A collaborative of Mt. Airy neighborhood organizations has been awarded a $400,000 grant that will help fund the continued implementation of a revitalization plan.
A collaborative of Mt. Airy neighborhood organizations has been awarded a $400,000 grant that will help fund the continued implementation of a revitalization plan aiming to improve the quality of life in the community.
“The goal is to implement a plan that keeps Mt. Airy vibrant, diverse, and makes life better for all residents,” said Phil Dawson, executive director of the Mt. Airy CDC. “It affects different people in different ways, but it’s meant to be comprehensive and to improve the quality of life for everyone.”
Wells Fargo Regional Foundation awarded the grant to the organizations and will distribute the funding among.the Mt. Airy CDC, West Mt. Airy Neighbors, East Mt. Airy Neighbors, and the Mt. Airy Business Improvement District.
This five-year revitalization plan, called Mt. Airy 2025, will run through 2027. It comes on the heels of two similar initiatives in 2017 and 2022, which were fueled by a $1 million grant.
This time around, the CDC and other organizations are planning to consider more neighborhood details in their planning.
“We used this as an opportunity to look at the activities that all of us were doing and to make sure that what we’re doing makes sense,” Dawson said. “We did make changes along the way – there are some initiatives that organizations are doing now that weren’t even contemplated when the plan was created six years ago, so this was a good process to refresh everything.”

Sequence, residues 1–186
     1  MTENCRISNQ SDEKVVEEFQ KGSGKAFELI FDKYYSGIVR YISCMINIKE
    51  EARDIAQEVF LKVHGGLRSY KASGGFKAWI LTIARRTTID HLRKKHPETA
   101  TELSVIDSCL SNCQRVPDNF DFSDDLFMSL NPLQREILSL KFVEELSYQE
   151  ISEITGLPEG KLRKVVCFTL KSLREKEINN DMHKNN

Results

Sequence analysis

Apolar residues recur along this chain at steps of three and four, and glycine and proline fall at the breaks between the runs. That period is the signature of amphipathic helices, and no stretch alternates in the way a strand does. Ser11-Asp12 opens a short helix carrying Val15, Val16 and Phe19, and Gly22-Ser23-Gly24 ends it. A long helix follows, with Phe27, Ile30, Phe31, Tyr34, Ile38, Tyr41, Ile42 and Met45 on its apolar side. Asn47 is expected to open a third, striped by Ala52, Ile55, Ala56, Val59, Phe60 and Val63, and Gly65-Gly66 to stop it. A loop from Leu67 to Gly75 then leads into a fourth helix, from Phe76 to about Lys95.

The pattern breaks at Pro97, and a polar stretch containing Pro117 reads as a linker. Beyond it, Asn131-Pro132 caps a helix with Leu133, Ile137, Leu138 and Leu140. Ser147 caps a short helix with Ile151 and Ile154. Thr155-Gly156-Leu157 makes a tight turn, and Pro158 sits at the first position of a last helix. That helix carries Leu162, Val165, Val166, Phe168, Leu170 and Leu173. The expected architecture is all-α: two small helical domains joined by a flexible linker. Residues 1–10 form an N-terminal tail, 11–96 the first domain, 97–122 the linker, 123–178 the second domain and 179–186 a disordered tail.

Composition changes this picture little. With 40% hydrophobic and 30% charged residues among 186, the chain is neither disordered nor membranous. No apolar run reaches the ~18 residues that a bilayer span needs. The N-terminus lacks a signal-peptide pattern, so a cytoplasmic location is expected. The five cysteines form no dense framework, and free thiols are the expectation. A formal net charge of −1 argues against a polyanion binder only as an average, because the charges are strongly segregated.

For the next five years, the primary areas of concentration for community improvement include community safety and placemaking, early childhood education, homes and housing, senior living, neighborhood retail and commerce, and youth engagement.
A significant amount of funding will be spent on community safety initiatives including updating street and sidewalk infrastructure to support traffic safety and protect pedestrians.
“Any person walking on the street will benefit from a neighborhood where pedestrian safety is prioritized and traffic fatalities are reduced, or where there’s more tree cover,” Dawson said. “There’s a goal to plant 2,000 trees in Mt. Airy over the next five years that all the organizations are seeking to support, so that’s something that will affect the physical environment.”
A new Mt. Airy Schools Coalition, formed by the East Mt. Airy Neighbors, West Mt. Airy Neighbors, and the CDC, will serve as a platform to advocate for additional resources and empower parents to lobby for improvements.
The CDC’s recent announcement of the ‘Community Reading Nest’ at Cliveden of the National Trust lays the groundwork for a neighborhood haven that expands literacy opportunities for children in Mt. Airy, which is part of a larger plan.
“Any student will benefit from literacy support that will be offered and a greater engagement of parents in the Mt. Airy Schools Coalition,” Dawson said.
In addition to early learning services, planned programs will offer more extracurricular activities for children and young adults. They will also develop after-school, volunteer and employment opportunities for 14 to 24-year-olds.
The plan will also address housing concerns such as home foreclosures, absentee landlords, and deferred maintenance.
“On the homes and housing side, beginning some affordable housing projects, including one on the 6600 block of [Germantown] Avenue where there’s now a vacant lot, is something that is funded through this grant [that will] provide new staffing to do this work,” Dawson said.
According to a Mt. Airy CDC study, older adults that are near the retirement ages of 55 to 64 years old have experienced the biggest population increase. The percentage of retired people in Mt. Airy is likely to rise drastically in the next five to 10 years, so expanding and publicizing residential options for senior living will be an essential part of the plan.
The funding will also support retail job development, and a task force focused on diversifying the range of goods and services along the commercial corridor and upgrading the 6300–6700 blocks of Germantown and Chew Avenues.